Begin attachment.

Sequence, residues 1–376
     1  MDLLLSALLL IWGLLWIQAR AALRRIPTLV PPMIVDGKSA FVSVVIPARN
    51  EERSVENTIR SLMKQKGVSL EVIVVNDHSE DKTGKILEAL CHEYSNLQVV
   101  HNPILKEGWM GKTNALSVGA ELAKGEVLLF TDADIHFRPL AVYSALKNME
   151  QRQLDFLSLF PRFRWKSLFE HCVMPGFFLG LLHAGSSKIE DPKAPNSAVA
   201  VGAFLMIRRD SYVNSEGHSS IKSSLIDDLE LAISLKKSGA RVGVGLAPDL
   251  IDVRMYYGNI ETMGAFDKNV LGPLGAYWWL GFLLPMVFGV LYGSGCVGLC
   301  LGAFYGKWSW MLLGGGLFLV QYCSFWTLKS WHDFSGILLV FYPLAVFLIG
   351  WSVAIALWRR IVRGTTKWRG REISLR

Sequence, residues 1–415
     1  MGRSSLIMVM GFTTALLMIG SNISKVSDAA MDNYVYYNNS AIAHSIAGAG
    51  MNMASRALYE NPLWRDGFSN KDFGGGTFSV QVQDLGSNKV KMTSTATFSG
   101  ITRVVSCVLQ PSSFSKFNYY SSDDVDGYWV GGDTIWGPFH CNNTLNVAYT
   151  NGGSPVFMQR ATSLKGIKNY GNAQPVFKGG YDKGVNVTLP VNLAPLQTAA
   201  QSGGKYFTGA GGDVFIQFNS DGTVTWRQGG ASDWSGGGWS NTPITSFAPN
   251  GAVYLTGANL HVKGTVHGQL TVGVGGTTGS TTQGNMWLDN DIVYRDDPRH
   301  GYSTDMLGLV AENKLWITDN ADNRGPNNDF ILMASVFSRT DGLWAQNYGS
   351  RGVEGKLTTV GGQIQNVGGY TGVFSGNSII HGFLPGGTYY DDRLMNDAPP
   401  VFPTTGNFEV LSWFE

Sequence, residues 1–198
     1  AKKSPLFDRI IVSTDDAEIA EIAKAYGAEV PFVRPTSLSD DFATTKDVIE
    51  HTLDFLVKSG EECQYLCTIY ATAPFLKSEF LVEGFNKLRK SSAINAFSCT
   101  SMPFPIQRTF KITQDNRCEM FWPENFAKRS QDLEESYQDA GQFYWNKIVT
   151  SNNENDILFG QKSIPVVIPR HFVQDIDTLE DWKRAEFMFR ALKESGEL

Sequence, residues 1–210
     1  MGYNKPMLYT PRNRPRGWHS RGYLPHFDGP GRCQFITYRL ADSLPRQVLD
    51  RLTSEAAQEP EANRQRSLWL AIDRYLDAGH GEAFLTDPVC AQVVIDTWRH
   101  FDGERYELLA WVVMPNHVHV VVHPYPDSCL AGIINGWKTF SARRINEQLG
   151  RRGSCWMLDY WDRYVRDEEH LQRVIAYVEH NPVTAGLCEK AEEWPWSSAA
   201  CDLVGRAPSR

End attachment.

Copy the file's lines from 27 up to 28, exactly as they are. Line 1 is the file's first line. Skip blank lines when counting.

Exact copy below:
    51  RLTSEAAQEP EANRQRSLWL AIDRYLDAGH GEAFLTDPVC AQVVIDTWRH
   101  FDGERYELLA WVVMPNHVHV VVHPYPDSCL AGIINGWKTF SARRINEQLG